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NEW: A collection of tweets from Frankl's followers.

 

CEDAR FALLS, Iowa --- It had been more than three years since Sara Frankl was well enough to leave her condominium.

It had been even longer since she was able to enjoy trips into the great outdoors. For years her only forays outside her home's four walls were for visits to the doctor or pharmacist.

But that never stopped her from living.

In the years, days and hours leading up to her death Saturday night, Frankl, 38, shared her story and inspired thousands of others through her online presence.

"Sara, when she started blogging, thought that maybe it would be a way to give back, to do something to help someone," said Steve Frankl, Sara's older brother. "She was humble, though. She thought that maybe God had given her this disease for a reason. She always thought if she didn't have the disease she might have been tied up in a career, but maybe God had a different calling for her, to take what she knows in life and help others. This was a passion for her."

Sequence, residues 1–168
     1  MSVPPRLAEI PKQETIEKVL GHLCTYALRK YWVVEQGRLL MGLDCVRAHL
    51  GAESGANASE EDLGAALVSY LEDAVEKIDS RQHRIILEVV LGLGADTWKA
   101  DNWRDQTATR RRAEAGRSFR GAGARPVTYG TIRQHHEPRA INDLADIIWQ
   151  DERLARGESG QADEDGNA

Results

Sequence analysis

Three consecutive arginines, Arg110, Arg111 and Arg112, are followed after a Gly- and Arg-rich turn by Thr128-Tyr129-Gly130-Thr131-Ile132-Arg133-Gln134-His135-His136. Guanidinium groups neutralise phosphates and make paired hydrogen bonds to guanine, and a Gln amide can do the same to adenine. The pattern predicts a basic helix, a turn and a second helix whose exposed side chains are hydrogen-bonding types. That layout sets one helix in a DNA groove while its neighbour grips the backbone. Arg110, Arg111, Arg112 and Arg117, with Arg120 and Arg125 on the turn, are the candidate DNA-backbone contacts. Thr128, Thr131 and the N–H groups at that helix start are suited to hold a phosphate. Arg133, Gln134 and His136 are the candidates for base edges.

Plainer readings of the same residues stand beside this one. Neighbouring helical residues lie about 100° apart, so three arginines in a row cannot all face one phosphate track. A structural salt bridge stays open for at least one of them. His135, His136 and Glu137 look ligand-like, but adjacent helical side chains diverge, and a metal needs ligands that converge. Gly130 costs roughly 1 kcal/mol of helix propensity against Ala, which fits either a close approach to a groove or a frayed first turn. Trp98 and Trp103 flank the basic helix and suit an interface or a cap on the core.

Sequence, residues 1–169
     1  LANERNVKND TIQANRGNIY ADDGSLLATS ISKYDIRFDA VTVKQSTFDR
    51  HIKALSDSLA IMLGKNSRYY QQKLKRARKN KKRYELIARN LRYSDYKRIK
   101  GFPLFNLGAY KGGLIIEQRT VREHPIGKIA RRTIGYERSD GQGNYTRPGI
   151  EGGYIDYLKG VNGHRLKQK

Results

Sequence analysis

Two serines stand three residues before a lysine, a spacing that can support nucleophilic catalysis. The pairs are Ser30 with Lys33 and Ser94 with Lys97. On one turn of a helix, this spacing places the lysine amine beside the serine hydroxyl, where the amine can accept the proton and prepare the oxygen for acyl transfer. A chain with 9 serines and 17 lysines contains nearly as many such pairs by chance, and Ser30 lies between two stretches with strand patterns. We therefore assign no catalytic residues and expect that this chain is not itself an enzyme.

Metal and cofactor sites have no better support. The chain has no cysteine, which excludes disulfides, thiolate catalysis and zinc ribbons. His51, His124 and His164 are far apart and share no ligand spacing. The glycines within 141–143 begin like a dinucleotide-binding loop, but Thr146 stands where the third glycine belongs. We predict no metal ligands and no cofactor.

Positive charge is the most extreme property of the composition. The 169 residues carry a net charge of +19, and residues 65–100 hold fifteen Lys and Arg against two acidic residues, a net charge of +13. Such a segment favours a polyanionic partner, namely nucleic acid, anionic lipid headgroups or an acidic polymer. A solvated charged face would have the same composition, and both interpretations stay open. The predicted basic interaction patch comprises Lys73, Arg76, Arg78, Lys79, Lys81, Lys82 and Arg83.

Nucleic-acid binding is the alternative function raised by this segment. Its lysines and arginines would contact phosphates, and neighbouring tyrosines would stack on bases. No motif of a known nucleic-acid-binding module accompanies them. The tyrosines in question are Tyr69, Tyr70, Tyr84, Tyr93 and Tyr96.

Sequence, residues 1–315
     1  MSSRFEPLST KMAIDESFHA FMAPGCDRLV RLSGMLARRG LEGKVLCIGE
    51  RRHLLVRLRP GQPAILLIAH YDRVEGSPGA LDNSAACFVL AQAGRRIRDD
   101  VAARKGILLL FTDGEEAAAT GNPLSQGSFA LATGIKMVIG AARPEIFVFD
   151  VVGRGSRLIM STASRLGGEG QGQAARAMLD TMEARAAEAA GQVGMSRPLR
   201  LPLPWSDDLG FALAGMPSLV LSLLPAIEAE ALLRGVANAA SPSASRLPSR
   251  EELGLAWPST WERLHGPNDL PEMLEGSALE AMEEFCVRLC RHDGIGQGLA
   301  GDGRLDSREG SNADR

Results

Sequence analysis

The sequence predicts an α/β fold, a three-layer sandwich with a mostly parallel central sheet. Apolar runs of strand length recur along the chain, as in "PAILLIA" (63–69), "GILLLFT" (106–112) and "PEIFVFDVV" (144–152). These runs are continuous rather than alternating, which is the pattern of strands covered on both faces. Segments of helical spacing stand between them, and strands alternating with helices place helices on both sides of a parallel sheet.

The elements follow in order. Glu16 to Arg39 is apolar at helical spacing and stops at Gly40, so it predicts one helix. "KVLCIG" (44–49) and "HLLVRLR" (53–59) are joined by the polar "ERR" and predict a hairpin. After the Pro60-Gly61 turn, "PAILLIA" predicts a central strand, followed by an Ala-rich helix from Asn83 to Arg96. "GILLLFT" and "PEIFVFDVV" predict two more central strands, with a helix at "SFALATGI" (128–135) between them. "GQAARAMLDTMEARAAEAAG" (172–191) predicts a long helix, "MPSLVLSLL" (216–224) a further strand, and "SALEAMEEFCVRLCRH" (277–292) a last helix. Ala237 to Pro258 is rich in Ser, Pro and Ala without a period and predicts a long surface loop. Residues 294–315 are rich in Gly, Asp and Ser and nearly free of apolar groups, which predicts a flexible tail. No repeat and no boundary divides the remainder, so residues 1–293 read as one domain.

Frankl had ankylosing spondylitis. A form of arthritis, it primarily affects the spine and causes inflammation of the spinal joints which can lead to severe and chronic pain. AS can also cause inflammation, pain and stiffness in the shoulders, hips, ribs, heels and other small joints. The lungs, eyes and heart can also be affected. She also had leucopenia; something as simple as a cough for a healthy person could turn into pneumonia in Sara's body.

Sara Frankl started her blog in May 2008. Less than one month later she wrote:

My life now, to put it bluntly, is painful.